Not Working 9 to 5: It’s a “She-Cession” Economy

Pademic Impacts Women in the Workforce

The nation’s economy has taken a definitive feminine twist if you look at how the media is reporting recovery efforts from the COVID-19 pandemic.

Call it the “She-Cession,” as first coined by C. Nicole Mason, president and CEO of the Institute for Women’s Policy based in Washington, D.C. Currently, this trending reference captures the data-driven notion that the COVID-19 pandemic has made a more significant economic impact on women than men.

Other labels are emerging.

The “second pandemic” title is gaining ground as first stated by Lorna Borenstein, CEO of Grokker, a San Jose, California-based company providing employee health engagement and personal wellbeing services. In a nod to the classic girly color, “The Pink Collar Recession” moniker is highlighted in recent headlines accompanying articles discussing how employers are scrambling and struggling to get women back at work.

Take your preferred pick: The results are the same. The nation’s economy is suffering because women aren’t working in their former jobs.

Economic Losses by the Numbers

In an effort to frame the impacts COVID-19 has had on working women, here are some the not-so-pretty numbers:

  • Women lost 5.5 million jobs during the first ten months of the pandemic. That is one million more jobs than what were lost by men.

  • In January 2021, another 275,000 women left the workforce, according to data from the U.S. Bureau of Labor Statistics.

  • In December 2020, the U.S. economy lost 227,000 jobs – 196,00 of those were jobs held by women, according to the BLS.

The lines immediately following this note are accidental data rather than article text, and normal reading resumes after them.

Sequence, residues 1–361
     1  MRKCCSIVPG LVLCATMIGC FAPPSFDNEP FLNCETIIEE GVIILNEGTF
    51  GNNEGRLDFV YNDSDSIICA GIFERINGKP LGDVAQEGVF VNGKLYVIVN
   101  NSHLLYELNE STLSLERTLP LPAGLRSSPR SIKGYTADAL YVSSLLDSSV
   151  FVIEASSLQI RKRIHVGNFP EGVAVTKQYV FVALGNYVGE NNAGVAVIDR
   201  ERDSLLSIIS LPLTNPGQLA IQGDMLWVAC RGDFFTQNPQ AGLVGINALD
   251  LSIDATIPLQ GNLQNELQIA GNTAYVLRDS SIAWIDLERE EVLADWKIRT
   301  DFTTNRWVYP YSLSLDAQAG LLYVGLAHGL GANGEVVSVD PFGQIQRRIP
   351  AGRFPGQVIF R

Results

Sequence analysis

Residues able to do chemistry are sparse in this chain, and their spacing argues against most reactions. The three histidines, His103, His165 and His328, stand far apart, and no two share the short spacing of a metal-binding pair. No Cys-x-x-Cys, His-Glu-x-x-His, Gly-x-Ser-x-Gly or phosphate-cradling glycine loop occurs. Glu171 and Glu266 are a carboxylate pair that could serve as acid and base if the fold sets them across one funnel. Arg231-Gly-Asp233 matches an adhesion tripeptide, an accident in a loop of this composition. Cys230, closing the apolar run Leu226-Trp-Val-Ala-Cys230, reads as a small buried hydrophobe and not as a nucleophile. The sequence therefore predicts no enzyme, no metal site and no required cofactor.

• When the nation’s overall unemployment rate jumped up to 14.7 percent in April 2020, the unemployment rates for African-American and Latino women were 16.9 and 20.2 percent respectfully.

There isn’t enough ink to print all the statistics documenting how COVID-19 took women out of the workforce.

Clearly, the path to emerging from the She-Cession is still being created. Here are some pieces of advice financial advisors can share with their clients to help them take the first necessary steps.

Create a COVID-Free Revolving Child Care Pod

In a creative twist on the adage, “it takes a village,” the idea of creating a child-care network in which all participants agree to cover child-care needs in a rotation based on work schedules is a proactive move mothers can make.

Childcare pod“Consider creating a pandemic pod where you include a select number of people or families who have all been screened for coronavirus,” suggests Marie Thomasson, founder of Modern Assets, based in Los Angeles, California, with its focus on advising women and their families.

In a press release created by CISION PR Newswire, she advises the members of the pod “could help shoulder the burden of kid-watching duties.”

Be sure to check regulations in your local area so that your pod doesn’t create a situation where you have more children than are allowed under in-home care and thus potentially end your childcare pod.

Have a frank discussion regarding your concerns and make an agreement about how the cost of snacks, and meals will be handled. And, be ready to tolerate a bit more mess in your home when it is your turn.

Take a Strong Grip on The Budget Reins

An individual woman cannot control when the schools or daycare centers will reopen, but she can take even greater control of her household budget and spending.
Now is the time for slashing spending, said Thomasson.

Thomasson encouraged women to take another look at their household spending plan. She is not making that recommendation out of thin air – the single mother of twin boys said she had to do the same thing.

“Cut everything that can be cut,” she said. “If it’s not essential, cut it back.”